Before visiting the landing beaches it is essential to understand D-DAY.
The Normandy landing is the largest military operation of all time.
On June 6, 1944, 156,000 Allied soldiers from the United States, Britain and Canada stepped on Normandy soil.
D-Day took place in 3 phases :
1 / The deployment of airborne troops
(American troops in the WEST on the side of Sainte Mère Eglise ; English troops in the EAST on the side of Bénouville)
Thousands of paratroopers had been sent before, at night, to allow the soldiers who were about to land to make rapid progress in the field.
American paratroopers distinguished themselves in particular at Sainte Mère Eglise.
English paratroopers had two objectives: to seize the bridges over the Orne river and to get their hands on the Merville Battery. The capture of the Bénouville bridge (Pegasus Bridge) is one of the highlights of the landing.
They were intended to destroy radar stations, artillery batteries and fortified points.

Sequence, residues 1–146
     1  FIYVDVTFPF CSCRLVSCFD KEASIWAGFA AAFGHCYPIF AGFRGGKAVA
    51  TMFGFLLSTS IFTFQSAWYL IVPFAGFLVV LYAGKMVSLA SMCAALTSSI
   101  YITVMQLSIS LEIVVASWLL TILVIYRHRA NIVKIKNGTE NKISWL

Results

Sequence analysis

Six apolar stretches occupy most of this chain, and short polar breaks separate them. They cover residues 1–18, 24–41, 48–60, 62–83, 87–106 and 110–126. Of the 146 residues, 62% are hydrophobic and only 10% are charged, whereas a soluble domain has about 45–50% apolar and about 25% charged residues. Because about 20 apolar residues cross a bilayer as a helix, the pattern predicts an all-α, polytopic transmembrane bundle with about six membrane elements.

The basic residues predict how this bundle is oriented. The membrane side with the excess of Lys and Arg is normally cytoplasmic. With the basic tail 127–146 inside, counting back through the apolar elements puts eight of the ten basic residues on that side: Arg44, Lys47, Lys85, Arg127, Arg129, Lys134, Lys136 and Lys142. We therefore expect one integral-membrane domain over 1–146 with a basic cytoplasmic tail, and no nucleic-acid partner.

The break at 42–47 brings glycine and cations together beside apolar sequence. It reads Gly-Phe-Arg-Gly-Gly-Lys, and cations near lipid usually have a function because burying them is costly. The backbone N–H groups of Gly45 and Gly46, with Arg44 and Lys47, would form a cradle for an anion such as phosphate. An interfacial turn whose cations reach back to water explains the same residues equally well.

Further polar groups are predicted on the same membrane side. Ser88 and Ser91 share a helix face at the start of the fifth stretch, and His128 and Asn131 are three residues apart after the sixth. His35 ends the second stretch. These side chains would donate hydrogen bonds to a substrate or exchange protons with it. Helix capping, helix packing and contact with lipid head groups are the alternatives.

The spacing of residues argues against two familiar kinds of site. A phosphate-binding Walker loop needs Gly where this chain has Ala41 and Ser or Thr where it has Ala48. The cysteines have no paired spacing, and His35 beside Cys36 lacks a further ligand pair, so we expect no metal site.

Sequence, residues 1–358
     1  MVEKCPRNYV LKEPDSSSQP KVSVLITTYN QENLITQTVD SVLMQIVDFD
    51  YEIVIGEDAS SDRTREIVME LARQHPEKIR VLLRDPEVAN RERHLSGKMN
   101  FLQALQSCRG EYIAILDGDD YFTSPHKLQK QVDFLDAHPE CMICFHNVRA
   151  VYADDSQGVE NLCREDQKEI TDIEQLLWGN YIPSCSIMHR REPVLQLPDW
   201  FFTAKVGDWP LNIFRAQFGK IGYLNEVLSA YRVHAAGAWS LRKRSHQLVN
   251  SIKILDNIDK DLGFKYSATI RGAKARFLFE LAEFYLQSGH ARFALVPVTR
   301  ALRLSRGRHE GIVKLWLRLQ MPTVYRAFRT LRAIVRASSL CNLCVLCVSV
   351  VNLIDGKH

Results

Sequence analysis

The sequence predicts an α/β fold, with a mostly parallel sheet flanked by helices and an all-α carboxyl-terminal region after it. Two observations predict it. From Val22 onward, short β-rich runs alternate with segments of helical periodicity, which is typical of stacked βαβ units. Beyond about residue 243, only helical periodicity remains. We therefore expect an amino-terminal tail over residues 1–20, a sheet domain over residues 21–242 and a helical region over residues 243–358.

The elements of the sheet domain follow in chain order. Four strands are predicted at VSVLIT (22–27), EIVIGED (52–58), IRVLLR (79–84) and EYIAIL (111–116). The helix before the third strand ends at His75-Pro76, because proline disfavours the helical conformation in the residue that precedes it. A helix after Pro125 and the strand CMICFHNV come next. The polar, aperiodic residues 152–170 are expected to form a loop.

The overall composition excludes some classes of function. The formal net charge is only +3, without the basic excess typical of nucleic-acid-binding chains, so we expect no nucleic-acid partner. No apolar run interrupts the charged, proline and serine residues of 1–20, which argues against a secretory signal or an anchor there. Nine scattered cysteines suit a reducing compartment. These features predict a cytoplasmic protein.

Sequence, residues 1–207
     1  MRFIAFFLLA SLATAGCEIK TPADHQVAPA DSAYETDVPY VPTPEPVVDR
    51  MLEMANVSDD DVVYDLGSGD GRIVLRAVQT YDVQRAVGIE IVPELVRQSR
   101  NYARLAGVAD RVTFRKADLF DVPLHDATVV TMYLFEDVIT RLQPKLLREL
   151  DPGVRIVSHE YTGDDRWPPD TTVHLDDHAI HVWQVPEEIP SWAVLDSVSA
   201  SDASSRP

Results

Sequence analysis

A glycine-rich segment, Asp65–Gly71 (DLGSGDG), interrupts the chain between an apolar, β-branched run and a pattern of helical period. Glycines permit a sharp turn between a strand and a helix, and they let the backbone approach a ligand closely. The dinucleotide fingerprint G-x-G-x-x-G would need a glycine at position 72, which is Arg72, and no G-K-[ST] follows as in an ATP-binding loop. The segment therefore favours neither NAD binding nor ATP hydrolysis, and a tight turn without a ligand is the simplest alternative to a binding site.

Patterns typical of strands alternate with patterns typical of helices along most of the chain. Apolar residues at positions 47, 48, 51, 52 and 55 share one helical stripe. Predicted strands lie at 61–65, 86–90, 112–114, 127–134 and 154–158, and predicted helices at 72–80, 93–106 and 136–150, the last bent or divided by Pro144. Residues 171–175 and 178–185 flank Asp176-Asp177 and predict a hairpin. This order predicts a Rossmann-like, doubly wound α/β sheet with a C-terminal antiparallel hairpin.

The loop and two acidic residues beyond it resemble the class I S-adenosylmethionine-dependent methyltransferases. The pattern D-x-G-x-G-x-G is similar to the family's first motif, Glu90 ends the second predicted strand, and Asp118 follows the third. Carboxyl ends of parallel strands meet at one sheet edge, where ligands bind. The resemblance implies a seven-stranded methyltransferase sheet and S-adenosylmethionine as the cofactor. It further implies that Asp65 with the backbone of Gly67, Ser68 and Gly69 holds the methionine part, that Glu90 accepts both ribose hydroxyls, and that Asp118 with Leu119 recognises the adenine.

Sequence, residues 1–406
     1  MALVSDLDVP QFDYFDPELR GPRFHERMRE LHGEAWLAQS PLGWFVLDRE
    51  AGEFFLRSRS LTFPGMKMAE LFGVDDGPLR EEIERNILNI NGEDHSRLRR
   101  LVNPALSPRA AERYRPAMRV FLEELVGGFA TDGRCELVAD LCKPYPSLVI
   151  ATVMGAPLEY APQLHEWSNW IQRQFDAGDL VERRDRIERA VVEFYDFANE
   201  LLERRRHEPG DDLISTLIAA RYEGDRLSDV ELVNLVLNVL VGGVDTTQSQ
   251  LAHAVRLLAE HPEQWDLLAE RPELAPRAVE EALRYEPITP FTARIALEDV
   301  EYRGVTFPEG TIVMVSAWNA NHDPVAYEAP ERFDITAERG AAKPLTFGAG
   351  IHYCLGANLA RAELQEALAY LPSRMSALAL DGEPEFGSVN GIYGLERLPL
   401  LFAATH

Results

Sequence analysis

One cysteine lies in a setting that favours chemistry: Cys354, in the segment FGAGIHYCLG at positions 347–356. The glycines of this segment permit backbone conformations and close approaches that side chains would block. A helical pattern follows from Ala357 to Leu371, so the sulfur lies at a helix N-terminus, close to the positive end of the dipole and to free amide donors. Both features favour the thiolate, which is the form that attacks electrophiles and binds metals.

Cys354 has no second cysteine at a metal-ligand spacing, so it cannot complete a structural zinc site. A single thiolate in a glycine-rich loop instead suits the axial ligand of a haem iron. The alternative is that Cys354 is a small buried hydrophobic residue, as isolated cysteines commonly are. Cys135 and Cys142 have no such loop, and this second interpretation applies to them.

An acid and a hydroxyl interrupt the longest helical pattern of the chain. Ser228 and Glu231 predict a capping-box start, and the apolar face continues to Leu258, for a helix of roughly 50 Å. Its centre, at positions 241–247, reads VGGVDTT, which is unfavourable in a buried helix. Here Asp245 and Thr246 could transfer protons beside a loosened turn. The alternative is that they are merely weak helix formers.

3/ The landing
Initially, the assault was to take place in May on a smaller front.
However, Eisenhower wanted to expand it to the West.
The allies therefore focused on 5 areas.
The general staff allocated areas as follows :
2 to the US Army (UTAH BEACH and OMAHA BEACH)
2 to the British Army (GOLD BEACH and SWORD BEACH)
1 to the Canadian Army (JUNO BEACH)
American troops were also sent to the Pointe du Hoc. It is a 98 feet high cliff that served as an observation post for the Germans throughout the sea.
The rangers fought hard to take possession of it.
On the evening of June 6th, 10.500 soldiers were killed, wounded, missing or prisoners. Several months later, at the end of the Battle of Normandy, the Allied death toll was 37,000.
These soldiers are buried in several Norman cemeteries.
To summarize, the most important sites are therefore :
- The 5 beaches
- Pegasus Bridge
- Sainte Mère Eglise
- German bunkers (like the Longues-sur-mer Gun Battery)
- American, British, Canadian cemeteries